Werner Herzog’s phoned-in tech film, Lo and Behold, is an ad in disguise.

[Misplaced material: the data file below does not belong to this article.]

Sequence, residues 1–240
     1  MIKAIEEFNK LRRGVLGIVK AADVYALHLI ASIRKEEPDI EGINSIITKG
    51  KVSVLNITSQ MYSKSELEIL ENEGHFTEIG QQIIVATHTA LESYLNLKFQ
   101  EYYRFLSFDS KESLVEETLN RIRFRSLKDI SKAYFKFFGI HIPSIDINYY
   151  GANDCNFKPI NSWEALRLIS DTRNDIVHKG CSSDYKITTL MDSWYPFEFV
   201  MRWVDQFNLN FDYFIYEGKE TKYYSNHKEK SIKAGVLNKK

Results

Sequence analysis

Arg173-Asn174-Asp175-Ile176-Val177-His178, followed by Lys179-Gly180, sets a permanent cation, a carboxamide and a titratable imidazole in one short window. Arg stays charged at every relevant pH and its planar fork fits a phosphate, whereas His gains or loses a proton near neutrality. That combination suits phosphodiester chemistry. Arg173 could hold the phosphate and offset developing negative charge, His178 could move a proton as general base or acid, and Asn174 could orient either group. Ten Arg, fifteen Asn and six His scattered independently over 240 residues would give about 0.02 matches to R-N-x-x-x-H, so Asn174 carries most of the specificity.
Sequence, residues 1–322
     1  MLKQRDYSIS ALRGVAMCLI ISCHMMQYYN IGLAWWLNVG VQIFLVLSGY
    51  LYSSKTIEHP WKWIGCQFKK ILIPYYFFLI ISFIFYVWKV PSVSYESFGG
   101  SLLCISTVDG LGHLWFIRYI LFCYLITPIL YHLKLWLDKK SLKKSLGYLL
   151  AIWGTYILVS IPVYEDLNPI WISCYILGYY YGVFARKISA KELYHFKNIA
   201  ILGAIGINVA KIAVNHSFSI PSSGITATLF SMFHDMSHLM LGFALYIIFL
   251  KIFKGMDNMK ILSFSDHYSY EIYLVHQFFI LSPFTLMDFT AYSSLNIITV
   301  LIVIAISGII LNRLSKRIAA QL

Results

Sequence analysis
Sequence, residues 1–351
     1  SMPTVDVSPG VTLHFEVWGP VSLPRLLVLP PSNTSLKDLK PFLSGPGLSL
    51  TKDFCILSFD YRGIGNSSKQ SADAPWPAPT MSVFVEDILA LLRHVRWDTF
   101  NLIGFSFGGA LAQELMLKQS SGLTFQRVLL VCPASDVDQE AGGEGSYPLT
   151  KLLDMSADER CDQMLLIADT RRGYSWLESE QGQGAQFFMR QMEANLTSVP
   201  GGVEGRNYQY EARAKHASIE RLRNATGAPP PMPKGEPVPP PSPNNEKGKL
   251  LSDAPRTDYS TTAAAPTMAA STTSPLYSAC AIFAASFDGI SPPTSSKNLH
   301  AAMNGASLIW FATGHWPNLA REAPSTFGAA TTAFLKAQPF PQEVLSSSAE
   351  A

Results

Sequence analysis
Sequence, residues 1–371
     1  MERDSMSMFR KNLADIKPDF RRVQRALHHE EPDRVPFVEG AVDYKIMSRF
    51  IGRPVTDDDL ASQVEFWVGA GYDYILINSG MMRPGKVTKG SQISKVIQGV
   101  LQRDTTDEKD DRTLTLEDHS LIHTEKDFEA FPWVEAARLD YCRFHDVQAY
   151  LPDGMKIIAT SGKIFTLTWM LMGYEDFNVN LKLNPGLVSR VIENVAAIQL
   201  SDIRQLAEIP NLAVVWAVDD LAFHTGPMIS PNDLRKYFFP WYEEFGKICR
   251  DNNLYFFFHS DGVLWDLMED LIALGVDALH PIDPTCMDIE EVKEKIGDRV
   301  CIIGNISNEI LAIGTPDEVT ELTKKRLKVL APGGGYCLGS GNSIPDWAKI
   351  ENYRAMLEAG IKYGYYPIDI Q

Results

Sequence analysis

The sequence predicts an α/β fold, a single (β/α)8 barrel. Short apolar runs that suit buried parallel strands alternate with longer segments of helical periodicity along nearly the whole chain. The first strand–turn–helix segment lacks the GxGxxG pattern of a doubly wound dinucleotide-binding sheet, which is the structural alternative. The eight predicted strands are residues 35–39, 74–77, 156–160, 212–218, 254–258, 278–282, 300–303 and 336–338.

From Walter Rutmann to Hou-Hsao Hsien, there's a rich vein of unlikely sponsored works by esteemed film and video artists. A survey could begin with abstract artists who used commercial patronage as a platform to dodge Nazi censorship, such as Oskar Fischinger, who licensed canonical works of experimental animation like Kreise to ad agencies, and Hans Richter, whose subversive mercantile histories for the Swiss stock exchange represent a leftist chronicle of capital ensconced in heady surrealist montage. In the 1950s, Eyes Without a Face filmmaker Georges Franju twisted a commission from the Army Museum into a grotesque anti-war critique in Hôtel des Invalides, succeeded by Alain Resnais and Oulipo poet Raymond Queneau's blissful and absurd paean to plastics, Le Chant du Styrène. Across the pond, Night of the Living Dead director George A. Romero created a bone chilling PSA about the mortality rate of impoverished African-American youth in Pittsburgh's Hill District, and Dara Birnbaum's iconoclastic "MTV: Artbreak" spot presented a dialectical feminist history of animation in thirty seconds. But Werner Herzog's Lo and Behold: Reveries of the Connected World marks the first time a feature film conceived and developed by a modern advertising agency and its client has landed in theaters, where critics and audiences alike are expected to accord it the dignity of a real movie.[ Read More ]